She looked hard and long at that picture, all the time seeing the quiet stars through it. And then she turned over and hid her face on the rock. She had said her

"Now I lay me" every night since she could remember, but she had never prayed till she lay there with her face on the rock, saying over and over, "Oh, God, please, please, please make Mr. Pond adopt 'Lias."

Wednesday, 19 October 2011

Good News For All You Creative Types Out There

Technology will become commoditised by China and India, they say, being dispersed and adopted almost instantly after it's created. Economic value will arise instead from the powers of the right brain - creativity, imagination, empathy, aesthetics.

Exhibit A in their evience is the Apple iPod. Apple didn't invent the MP3 music player; several models had been around for a few years before anyone had heard of the iPod, but they had never gone anywhere. Apple took an existing product and gave it an elegant design, creative a simple, intuitive user interface, then added the business innovation of the iTunes Music Store, and somehow imbued the whole package with coolness. The result is 75% market share in music players and online music sales, a reordering of the music industry, and a multibillion-dollar boost to Apple's market value. The key wasn't technology. It was creativity, design and a deep empathy with the customer.

In a different industry, how does Target thrive as a discount retailer against the massive power of Wal-Mart, a company more than five times its size that commands by far the world's most advanced retail computer systems? In part it does so by arranging for some of the world's top designers, such as Michael Graves and Isabelle de Borchgrave, to design some of the home's most pedestrian products, such as teakettles and breadbaskets, and then selling them in massive volume at discount prices. Following that strategy, Target can never be commoditised.

The phenomenon is sufficiently widespread that the MFA degree - master of fine arts - is gaining ground on the MBA as the preferred graduate degree for young people who want to make their mark in business. New York University has even begun offering a joint MBA/MFA degree.

Creativity and innovation have always been important; what's new is that they're becoming economically more valuable by the day.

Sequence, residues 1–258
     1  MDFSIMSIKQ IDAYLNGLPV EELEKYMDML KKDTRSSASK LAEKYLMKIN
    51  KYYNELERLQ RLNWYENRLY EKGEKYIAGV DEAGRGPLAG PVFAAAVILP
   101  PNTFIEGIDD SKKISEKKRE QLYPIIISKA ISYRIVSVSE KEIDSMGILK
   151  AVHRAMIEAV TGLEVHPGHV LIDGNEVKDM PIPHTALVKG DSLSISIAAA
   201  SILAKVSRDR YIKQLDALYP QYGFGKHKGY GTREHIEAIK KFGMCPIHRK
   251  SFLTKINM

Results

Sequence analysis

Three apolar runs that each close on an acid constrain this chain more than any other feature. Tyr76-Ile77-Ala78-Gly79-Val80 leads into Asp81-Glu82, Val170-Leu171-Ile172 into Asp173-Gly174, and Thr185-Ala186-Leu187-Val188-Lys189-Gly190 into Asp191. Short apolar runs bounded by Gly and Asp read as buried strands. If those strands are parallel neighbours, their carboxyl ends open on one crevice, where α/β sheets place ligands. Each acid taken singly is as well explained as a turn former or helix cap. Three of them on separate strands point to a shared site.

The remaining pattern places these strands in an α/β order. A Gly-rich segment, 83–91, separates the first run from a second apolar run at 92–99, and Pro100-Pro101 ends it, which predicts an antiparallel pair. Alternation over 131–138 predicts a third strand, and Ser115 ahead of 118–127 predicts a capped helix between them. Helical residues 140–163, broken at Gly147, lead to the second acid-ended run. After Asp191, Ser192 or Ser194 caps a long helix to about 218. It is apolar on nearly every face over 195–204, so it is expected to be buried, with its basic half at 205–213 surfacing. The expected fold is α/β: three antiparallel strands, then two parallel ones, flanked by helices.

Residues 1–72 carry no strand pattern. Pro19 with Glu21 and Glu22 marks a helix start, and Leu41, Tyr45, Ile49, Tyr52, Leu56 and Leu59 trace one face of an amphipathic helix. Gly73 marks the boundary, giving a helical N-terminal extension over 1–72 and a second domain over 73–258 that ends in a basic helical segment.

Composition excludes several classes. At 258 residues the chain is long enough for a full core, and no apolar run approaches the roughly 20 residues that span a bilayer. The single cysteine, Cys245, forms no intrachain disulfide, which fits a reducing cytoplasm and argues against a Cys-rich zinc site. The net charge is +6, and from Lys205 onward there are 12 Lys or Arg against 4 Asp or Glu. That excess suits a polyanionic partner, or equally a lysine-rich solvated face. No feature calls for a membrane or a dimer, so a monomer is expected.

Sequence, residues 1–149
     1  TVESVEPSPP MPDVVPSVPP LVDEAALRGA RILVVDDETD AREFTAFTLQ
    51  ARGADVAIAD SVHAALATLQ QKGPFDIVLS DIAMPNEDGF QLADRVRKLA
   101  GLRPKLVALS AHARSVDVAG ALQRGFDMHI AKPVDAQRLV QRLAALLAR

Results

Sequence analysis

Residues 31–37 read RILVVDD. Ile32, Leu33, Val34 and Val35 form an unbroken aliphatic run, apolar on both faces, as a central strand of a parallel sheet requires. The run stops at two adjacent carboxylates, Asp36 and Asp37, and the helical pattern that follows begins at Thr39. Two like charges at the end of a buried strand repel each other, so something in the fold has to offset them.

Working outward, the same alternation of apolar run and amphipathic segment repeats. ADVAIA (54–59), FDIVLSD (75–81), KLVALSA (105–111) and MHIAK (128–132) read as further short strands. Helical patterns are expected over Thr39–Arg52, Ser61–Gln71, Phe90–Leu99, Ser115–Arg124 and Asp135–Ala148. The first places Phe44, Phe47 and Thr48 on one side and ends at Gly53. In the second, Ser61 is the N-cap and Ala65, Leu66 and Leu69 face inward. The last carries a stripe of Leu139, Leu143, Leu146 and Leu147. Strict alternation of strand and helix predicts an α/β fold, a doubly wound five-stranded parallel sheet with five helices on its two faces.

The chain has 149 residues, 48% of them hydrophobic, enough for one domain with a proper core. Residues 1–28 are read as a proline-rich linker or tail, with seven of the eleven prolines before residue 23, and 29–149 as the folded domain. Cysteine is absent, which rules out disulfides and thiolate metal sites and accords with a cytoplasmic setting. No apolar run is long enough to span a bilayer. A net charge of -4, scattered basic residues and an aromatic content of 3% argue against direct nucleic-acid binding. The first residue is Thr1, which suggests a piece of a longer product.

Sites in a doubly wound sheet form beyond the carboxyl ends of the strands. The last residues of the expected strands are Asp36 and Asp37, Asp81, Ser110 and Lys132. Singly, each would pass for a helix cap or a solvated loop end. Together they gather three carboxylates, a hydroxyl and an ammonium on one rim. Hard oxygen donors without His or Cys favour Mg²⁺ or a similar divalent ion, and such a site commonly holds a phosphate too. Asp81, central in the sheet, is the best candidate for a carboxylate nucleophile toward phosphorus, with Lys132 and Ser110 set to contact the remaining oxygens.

Geoff Colvin, Talent Is Overrated

Tuesday, 18 October 2011

Puffballs and Fraidy Dogs

So there I was taking Arnold for a walk (it's getting rarer and rarer these days, poor pooch) and we were in a new place. I had decided to go there because I was giving my first gift in the 29-Day Gift Giving Challenge. Using one of the many gift bags I have accumulated over the years (actually I only accumulated this one this week) I put together a gift bag for one of the waitresses at Backyard 2.

She is young and cheerful and she works so hard. I know she has a day job and a night job and frequently looks exhausted. But cheerful anyway. She comes and talks to me because I'm nearly always alone and the last time she did, she asked me if I had any management books.

What would you do with a management book?

Plan a business.

Oh, OK.

Anyway, I decided I wouldn't give her a management book as most of those are as dry as dust but a book about creating the life of your dreams (I have those in abundance). And, I would also add two of the Oprah magazines I bought this year (she loves these mags) and a little teddy bear that I got as a door gift from my room at the Hotel Borobudur in Jakarta.

Because I would be driving to Damansara Perdana to see her, I thought it would be great to take Arnold along for the ride and walk him there.

And that's what happened.

As it was unfamiliar territory, he was a little tentative and as usual, he started tugging away when we got to the dark bits. Arnold is afraid of the dark. And I continued on, dragging him part of the way, before giving up and allowing him to cavort on the road, dancing to avoid traffic, I thought of Dragonlance and Fizban's puffball who was afraid of the dark, and then and there, mid-walk, started to chuckle.

So here is the relevant excerpt. What you should know is that Tas (a kender) and Fizban (a mage) have been separated from their companions when a dark elf appeared and started keening. Like a banshee. The sound of her voice is death. One more thing you should know: kenders are immune to fear.

And here he is, with Fizban, in the Chain Room at Pax Tharkas:

Tasslehoff could never afterwards clearly recall those last, few, panicked moments in the Chain Room. He remembered saying, "A dark elf? Where?" and standing on his tiptoes, trying desperately to see, when suddenly the glowing staff fell on the floor. He heard Tanis shouting, and - above that - a kind of moaning sound that made the kender lose all sense of where he was or what he was doing. Then strong hands grabbed him around the waist, lifting him up into the air.

"Climb!" shouted a voice beneath him.

Tasslehoff stretched out his hands, felt the cool metal of the chain, and began to climb. He heard a door boom, far below, and the chilling wail of the dark elf again. It didn't sound deadly this time, more like a cry of rage and anger. Tas hoped this meant his friends had escaped.

"I wonder how I'll find them again," he asked himself softly, feeling discouraged for a moment. Then he heard Fizban muttering to himself and cheered up. He wasn't alone.

Thick, heavy darkness wrapped around the kender. Climbing by feel alone, he was growing extremely tired when he felt cool air brush his right cheek. He sensed, rather than saw, that he must be coming to the place where the chain and the mechanism linked up (Tas was rather proud of that pun). If only he could see! Then he remembered. He was, after all, with a magician.

"We could use a light," Tas called out.